Who doesn’t love the authentic smoky flavours of outdoor cooked dishes? Hot and cold food smoking is the process of cooking or infusing food with natural wood smoke flavours. Originally a means of preserving cured or raw produce using open smoke techniques, today food smoking is part of an exciting foodie revival achieveable on a regular BBQ.
So, hot or cold smoking? What’s the difference?
Hot smoked foods are cooked gently over smoking woods to achieve a subtle flavour infusion. The slower the cooking, the better the results. Choose a wood flavour to complement the food you are cooking, so a lighter wood flavour for a delicately flavoured food. The wood, in chip or chunk form, needs to be heated up to release its flavour. Use a dedicated smoker, ceramic grill or hooded BBQ.
Cold smoke foods are cured and then smoked. The food remains uncooked, but the dual process of curing and smoking preserves and prolongs whilst also intensifying flavours. Cures are a mix of salt, sugar and spices applied as a dry mix or dissolved in water for a brine in which the food is submerged. Smoked salmon is great example, whilst bacon is another which we then cook before eating.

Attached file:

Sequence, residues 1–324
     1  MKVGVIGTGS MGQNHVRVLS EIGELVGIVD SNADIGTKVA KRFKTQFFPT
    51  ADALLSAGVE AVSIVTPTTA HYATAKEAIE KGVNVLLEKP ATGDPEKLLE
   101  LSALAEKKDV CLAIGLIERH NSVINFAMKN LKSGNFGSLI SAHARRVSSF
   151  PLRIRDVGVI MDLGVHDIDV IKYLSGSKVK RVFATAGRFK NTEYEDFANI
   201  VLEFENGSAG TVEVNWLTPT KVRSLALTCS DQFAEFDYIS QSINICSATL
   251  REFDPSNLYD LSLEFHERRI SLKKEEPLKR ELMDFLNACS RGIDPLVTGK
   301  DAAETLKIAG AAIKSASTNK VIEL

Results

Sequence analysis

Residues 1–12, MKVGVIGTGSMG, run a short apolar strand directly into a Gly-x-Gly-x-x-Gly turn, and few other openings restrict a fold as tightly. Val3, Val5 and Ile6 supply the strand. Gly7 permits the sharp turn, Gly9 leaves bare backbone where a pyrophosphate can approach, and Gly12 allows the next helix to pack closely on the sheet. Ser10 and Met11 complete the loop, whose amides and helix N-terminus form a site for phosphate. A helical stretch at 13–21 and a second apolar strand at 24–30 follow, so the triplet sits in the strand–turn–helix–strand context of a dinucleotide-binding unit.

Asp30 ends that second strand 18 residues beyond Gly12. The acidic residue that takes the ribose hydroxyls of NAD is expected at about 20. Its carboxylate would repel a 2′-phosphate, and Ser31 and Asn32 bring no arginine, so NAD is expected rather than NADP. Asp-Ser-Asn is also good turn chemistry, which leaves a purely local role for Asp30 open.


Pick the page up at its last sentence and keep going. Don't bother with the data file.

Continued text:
Food is gently cooked whilst infused with wood smoke flavour
Foods are cured before sealing with a layer of cold smoke flavour
WHAT FOODS TO HOT SMOKE
WHAT FOODS TO COLD SMOKE
The possibilities are endless from meats to vegetables to desserts. All meats benefit from the low and slow hot smoking technique, allowing fat to render and fibres to tenderise whilst also infusing with smokiness. The results are succulent and richly flavoured. Whole chickens are transformed and the flavour of fish, whole or filleted, is intensified. Meats and fish need to be cured to remove bacteria prior to smoking, whilst cheeses, nuts, seeds, chillis, oils, salts and be cold smoked ‘neat’ for subtle flavour infusions.